Bug Turns 15: The Road Trip to Nowhere, Part 1


I labored about whether to write this post for a long time. While only a few days have gone by, I’ve sat and worried about it endlessly, the hamster wheel in my head spinning like the hamster is a crack addict.  I really wanted to share this big-deal-trip but I felt like it was also an embarrassing mistake. I am deeply ashamed. I was afraid to talk about it for fear of being lambasted for naively ignoring the governor’s travel ban. It was stupid. We shouldn’t have gone. We were incredibly careful and incredibly lucky but at the end of the day I don’t want to traipse around with my white privilege like people are not dying from a horrible disease.

But then I talked to my therapist (I have a therapist now!) (more white privilege that I’m ashamed of) and she said, it’s my story. This is where I tell my stories. If I lose friends or future business contacts because of some dirt that can be dug up on this blog then maybe I don’t want those friends or business contacts anyway. I am fully going to own my mistake and write about why we shouldn’t have gone. But I also want to share the special parts. It was an amazing trip with my daughter. It was her birthday party that she couldn’t have and you know how I always go over the top with birthdays. So it’s a bittersweet story but it’s my story. I am ashamed that I acted irresponsibly and I will pay the consequences. I will also try maybe unsuccessfully to defend my bad choice. But I made it and we made it back and I think we are going to be okay. Hopefully wiser for our mistakes. So please don’t let the pretty pictures glamorize a bad decision. This was irresponsible of me and I regret it. I am also incredibly grateful that we were able to be safe.

There. That’s it. A huge heavy weight on my conscience.

When we left for our trip we never intended to go more than 200 miles. That was the point: a road trip to nowhere. Our plan was to get in the car and head up the coast and stop at every little silly thing we could find that wouldn’t be infested with people. That meant nature and funny photo opportunities that nobody else would be looking at. Bug is her own person now with her own instagram account and she creates her own content just like her mama. I can’t say I’m not proud of her creativity. Social media has it’s many faults but creativity is not one of them.


Our first stop was a farmer’s market on the way to the coast. Back when we used to live at the beach, Bug and I would visit the Farmer’s Market every Saturday. It’s such a strong memory for both of us. I’d buy a three-pack box of raspberries and Bug would eat them before we even left the market. She loved the Farmer’s Market. From riding in the front-facing Bjorn to stroller days to riding her own tricycle…the market holds a super soft spot in our hearts. It’s really sad that we don’t go anymore but where we live now we don’t even think about it. We live in a super boring suburbia that has no central gathering places like a farmer’s market. Of course we can drive to a few that are actually nearby but we don’t because we don’t even think of it. Out of sight out of mind I guess. This is something I intend to change. Farmer’s Markets are great. They support the local farmers, there’s fresh healthy food and it’s just a good family outing. Of course we haven’t been going anywhere since Covid started but now that farmer’s markets seem to still be open with precautions maybe we’ll put them back in our schedule. Note to self: go to Farmer’s Market.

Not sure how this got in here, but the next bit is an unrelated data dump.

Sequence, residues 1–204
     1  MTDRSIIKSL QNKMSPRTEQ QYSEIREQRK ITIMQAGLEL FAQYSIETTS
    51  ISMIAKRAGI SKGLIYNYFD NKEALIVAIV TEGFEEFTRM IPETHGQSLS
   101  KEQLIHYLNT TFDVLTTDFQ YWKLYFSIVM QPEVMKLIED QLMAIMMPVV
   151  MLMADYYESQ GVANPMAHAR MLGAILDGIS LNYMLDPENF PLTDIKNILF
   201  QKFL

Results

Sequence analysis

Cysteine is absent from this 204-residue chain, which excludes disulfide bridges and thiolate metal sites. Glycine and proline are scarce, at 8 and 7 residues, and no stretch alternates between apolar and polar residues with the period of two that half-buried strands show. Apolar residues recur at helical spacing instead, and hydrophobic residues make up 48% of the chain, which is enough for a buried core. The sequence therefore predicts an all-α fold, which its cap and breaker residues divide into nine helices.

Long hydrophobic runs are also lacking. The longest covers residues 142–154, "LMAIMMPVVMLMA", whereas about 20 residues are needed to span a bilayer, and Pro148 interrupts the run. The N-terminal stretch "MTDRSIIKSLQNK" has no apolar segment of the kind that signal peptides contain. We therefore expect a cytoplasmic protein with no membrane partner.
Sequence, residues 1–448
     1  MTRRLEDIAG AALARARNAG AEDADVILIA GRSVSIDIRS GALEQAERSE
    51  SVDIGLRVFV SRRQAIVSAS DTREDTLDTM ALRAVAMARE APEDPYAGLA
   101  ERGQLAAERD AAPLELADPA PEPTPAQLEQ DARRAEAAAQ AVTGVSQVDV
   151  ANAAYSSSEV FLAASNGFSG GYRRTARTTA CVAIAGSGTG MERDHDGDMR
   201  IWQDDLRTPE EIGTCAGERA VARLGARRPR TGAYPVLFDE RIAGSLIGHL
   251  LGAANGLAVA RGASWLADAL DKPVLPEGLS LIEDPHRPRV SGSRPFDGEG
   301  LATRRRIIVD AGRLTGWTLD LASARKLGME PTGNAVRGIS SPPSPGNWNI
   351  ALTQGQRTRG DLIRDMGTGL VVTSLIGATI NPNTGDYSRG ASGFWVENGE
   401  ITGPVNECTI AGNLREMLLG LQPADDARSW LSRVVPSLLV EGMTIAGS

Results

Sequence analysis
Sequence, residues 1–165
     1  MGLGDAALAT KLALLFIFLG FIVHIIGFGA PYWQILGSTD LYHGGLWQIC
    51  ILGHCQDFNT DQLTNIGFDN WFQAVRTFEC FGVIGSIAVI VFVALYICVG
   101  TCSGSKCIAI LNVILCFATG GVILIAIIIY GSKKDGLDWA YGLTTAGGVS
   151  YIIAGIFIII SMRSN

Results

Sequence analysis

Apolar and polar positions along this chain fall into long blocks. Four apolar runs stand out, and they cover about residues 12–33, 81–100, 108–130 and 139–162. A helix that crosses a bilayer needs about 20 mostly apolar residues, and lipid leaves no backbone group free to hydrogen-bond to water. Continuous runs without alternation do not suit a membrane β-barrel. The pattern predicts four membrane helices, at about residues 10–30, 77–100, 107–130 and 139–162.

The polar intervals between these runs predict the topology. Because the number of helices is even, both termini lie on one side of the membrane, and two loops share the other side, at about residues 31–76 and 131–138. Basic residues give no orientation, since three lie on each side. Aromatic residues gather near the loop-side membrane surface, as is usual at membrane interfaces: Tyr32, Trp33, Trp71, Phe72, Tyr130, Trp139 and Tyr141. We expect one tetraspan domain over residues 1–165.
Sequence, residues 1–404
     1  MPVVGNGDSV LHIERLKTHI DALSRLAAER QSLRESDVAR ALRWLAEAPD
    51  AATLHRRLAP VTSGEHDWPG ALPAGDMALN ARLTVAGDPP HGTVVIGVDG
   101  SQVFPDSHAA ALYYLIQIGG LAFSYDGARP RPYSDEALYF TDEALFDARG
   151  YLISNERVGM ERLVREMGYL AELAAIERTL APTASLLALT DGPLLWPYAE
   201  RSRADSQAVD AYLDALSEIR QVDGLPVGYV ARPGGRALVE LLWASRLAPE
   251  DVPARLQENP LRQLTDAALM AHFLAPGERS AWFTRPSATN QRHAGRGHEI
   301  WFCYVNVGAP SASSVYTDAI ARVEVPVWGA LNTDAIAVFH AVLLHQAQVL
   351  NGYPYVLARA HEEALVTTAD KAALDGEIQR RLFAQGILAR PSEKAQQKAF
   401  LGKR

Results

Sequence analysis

We bought some hummus and pita chips, a three pack of berries (of course!) and some snap peas and carrots for snacks. We didn’t have a way to wash them so we just hid them in our cooler for later. Then we headed off to find our favorite breakfast: Zinc!


Yes, we are those basic beetches. I mean, how can we not be? Do you see that work of art that is avocado toast up there? Everyone should eat avocado toast! I told Bug that we are really spoiled. When I was a kid we got cereal or toast but never gourmet avocado toast on the regular. This is definitely the good life. Bug had an iced green matcha latte and of course I had a regular latte. Basic Beeches through and through.

After that we hit up another favorite spot for Bug’s favorite sandwiches and sparkling cider for the road.


Then we drove. Basically we sat in traffic all through Malibu and Santa Monica. We took the long route and didn’t mind. We had no schedule and no place to be. Of course I was a little worried about where we’d stay that night without any reservations but Bug forced me to be optimistic. What could go wrong? Worst case we sleep in the car. Um, we could get murdered? said my usual over-operating worry brain. We did pack sleeping bags and my back windows are pretty darkly tinted so it could be work. I do know a few campgrounds that are usually open so we could get by. I was just worried. Like I always am. But I didn’t need to be. There are a lot of hotels open and they are super happy for customers because business is slow and they are hurting. But I’m getting ahead of myself.